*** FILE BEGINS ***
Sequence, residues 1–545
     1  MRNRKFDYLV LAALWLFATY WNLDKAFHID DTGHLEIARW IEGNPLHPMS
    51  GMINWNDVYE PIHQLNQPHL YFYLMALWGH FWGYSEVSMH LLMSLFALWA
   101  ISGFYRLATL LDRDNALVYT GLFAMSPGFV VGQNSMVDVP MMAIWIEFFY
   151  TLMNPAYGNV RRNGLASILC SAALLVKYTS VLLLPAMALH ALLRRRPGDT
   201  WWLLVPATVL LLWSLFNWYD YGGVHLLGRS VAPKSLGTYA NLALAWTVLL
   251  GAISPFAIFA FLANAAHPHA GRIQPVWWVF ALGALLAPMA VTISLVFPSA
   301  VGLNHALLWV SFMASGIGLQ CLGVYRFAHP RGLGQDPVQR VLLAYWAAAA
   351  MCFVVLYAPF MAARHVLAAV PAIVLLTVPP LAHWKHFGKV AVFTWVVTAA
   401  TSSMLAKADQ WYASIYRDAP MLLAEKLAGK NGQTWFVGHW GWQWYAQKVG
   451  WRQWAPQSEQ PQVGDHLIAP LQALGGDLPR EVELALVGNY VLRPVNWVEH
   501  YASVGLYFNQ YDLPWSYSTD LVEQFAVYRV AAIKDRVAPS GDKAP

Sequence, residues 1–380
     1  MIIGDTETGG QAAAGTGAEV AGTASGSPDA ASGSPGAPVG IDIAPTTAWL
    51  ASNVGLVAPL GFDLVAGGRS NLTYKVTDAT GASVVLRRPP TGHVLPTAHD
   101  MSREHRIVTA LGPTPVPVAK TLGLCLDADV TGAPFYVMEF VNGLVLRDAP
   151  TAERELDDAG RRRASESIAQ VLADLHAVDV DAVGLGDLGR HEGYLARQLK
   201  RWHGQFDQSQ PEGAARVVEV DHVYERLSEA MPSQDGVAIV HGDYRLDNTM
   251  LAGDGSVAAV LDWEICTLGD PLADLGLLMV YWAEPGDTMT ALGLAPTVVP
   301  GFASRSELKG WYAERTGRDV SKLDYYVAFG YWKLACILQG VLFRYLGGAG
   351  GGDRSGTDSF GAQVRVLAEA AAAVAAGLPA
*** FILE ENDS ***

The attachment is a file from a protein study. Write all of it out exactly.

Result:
Sequence, residues 1–545
     1  MRNRKFDYLV LAALWLFATY WNLDKAFHID DTGHLEIARW IEGNPLHPMS
    51  GMINWNDVYE PIHQLNQPHL YFYLMALWGH FWGYSEVSMH LLMSLFALWA
   101  ISGFYRLATL LDRDNALVYT GLFAMSPGFV VGQNSMVDVP MMAIWIEFFY
   151  TLMNPAYGNV RRNGLASILC SAALLVKYTS VLLLPAMALH ALLRRRPGDT
   201  WWLLVPATVL LLWSLFNWYD YGGVHLLGRS VAPKSLGTYA NLALAWTVLL
   251  GAISPFAIFA FLANAAHPHA GRIQPVWWVF ALGALLAPMA VTISLVFPSA
   301  VGLNHALLWV SFMASGIGLQ CLGVYRFAHP RGLGQDPVQR VLLAYWAAAA
   351  MCFVVLYAPF MAARHVLAAV PAIVLLTVPP LAHWKHFGKV AVFTWVVTAA
   401  TSSMLAKADQ WYASIYRDAP MLLAEKLAGK NGQTWFVGHW GWQWYAQKVG
   451  WRQWAPQSEQ PQVGDHLIAP LQALGGDLPR EVELALVGNY VLRPVNWVEH
   501  YASVGLYFNQ YDLPWSYSTD LVEQFAVYRV AAIKDRVAPS GDKAP

Sequence, residues 1–380
     1  MIIGDTETGG QAAAGTGAEV AGTASGSPDA ASGSPGAPVG IDIAPTTAWL
    51  ASNVGLVAPL GFDLVAGGRS NLTYKVTDAT GASVVLRRPP TGHVLPTAHD
   101  MSREHRIVTA LGPTPVPVAK TLGLCLDADV TGAPFYVMEF VNGLVLRDAP
   151  TAERELDDAG RRRASESIAQ VLADLHAVDV DAVGLGDLGR HEGYLARQLK
   201  RWHGQFDQSQ PEGAARVVEV DHVYERLSEA MPSQDGVAIV HGDYRLDNTM
   251  LAGDGSVAAV LDWEICTLGD PLADLGLLMV YWAEPGDTMT ALGLAPTVVP
   301  GFASRSELKG WYAERTGRDV SKLDYYVAFG YWKLACILQG VLFRYLGGAG
   351  GGDRSGTDSF GAQVRVLAEA AAAVAAGLPA